The California Senate on Wednesday approved by a wide margin a bill that would allow the creation of a water district for the Paso Robles groundwater basin.
By a vote of 29-3, the Senate approved AB 2453 by Assemblyman Katcho Achadjian, R-San Luis Obispo. The bill would allow the formation of a Paso Robles water district with a board of directors consisting of a combination of property owners and at-large members.
Now that the bill has been approved in the full Senate, it must return to the Assembly for a concurrence vote. In that vote, the Assembly must agree to the amendments made to the bill in the Senate. The Assembly had passed a much simpler bill in May.
That vote is expected to happen next week, according to Achadjian’s office.
Sign Up and Save
Get six months of free digital access to The Tribune
Backers of the bill say they are hopeful the Assembly will approve the Senate version. The Assembly passed the original by a wide margin, noted Sue Luft, president of PRO Water Equity, a North County water group that proposed the bill.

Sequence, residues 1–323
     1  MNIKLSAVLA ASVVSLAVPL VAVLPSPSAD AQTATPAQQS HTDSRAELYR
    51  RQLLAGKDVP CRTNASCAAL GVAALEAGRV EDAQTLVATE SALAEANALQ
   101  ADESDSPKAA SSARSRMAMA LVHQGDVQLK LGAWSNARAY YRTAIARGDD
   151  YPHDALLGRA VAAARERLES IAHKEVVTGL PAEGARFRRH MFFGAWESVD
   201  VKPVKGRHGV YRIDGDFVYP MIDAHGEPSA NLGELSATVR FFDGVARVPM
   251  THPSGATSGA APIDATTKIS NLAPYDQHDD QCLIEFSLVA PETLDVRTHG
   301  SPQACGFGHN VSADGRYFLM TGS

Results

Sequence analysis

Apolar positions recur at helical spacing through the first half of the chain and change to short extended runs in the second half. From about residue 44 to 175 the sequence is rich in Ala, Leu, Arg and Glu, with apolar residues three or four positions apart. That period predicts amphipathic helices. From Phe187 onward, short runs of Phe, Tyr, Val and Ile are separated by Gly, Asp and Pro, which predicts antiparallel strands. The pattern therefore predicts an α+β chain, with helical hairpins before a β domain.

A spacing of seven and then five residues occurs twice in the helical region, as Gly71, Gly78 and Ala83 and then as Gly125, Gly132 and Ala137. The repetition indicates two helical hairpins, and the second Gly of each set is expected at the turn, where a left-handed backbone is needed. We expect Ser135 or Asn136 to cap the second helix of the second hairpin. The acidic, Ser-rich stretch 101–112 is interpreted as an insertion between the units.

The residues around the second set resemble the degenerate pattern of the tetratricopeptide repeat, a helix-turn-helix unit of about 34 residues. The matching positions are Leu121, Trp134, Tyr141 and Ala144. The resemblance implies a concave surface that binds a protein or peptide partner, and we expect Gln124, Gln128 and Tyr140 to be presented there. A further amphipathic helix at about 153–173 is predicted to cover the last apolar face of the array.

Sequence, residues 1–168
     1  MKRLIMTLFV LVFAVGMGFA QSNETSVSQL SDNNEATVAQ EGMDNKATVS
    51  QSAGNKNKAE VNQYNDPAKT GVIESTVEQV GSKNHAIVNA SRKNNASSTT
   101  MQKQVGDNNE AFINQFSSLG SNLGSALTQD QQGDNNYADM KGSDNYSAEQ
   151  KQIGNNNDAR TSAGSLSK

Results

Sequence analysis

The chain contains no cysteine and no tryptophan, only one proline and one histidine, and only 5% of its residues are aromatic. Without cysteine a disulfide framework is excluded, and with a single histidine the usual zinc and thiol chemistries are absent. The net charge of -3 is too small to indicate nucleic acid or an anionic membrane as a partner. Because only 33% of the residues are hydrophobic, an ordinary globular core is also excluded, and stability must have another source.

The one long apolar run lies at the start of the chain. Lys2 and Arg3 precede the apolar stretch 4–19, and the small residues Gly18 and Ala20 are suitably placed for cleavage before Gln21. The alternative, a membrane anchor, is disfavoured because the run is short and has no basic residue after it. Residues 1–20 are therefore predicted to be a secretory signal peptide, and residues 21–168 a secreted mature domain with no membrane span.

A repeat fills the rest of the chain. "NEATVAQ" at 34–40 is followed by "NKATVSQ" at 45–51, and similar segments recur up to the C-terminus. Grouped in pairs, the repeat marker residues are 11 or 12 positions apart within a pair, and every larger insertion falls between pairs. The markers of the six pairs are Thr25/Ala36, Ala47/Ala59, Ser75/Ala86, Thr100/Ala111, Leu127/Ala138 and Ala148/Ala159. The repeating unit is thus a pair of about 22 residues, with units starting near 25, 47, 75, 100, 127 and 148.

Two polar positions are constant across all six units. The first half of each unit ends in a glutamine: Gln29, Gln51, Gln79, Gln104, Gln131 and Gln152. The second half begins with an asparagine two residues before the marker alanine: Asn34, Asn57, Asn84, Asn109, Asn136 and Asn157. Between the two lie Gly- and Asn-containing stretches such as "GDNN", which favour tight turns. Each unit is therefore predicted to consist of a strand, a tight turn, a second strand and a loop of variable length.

“We don’t have a crystal ball but we are hopeful,” she said.
In introducing the bill to the Senate, Sen. Bill Monning, D-Carmel, said it was the product of a yearlong negotiation between residents and local government.
“Groundwater management needs to happen now,” Monning told his colleagues.
There was no debate or discussion of the bill on the Senate floor before the vote.
The state Legislature has until the end of the month to approve all bills and pass them on to Gov. Jerry Brown. Then Brown has until the end of September to approve or veto the bill.
If signed into law, the bill would allow 10 percent of the property owners in the water basin to petition the San Luis Obispo County Local Agency Formation Commission to begin the process of forming the district. County supervisors could also petition LAFCO to form the district.
Achadjian’s original bill only addressed the governance structure of the water district. It allows a board of directors that consists of six landowners of varying acreages and three at-large residents of the district.
That governance structure remained largely unchanged as the bill made its way through the Legislature. However, the Senate significantly amended the bill to address concerns about how the district would be formed and added specific language about what powers and authorities the district would have.
The most significant change gave authority to form the district to individual basin landowners on a one-landowner, one-vote basis. Originally, that authority was based on acreage owned using a one-acre, one vote formula.
This amendment was made at the request of county supervisors who were concerned that a handful of 30 large landowners in the basin could dominate the formation process. The basin contains about 4,000 landowners.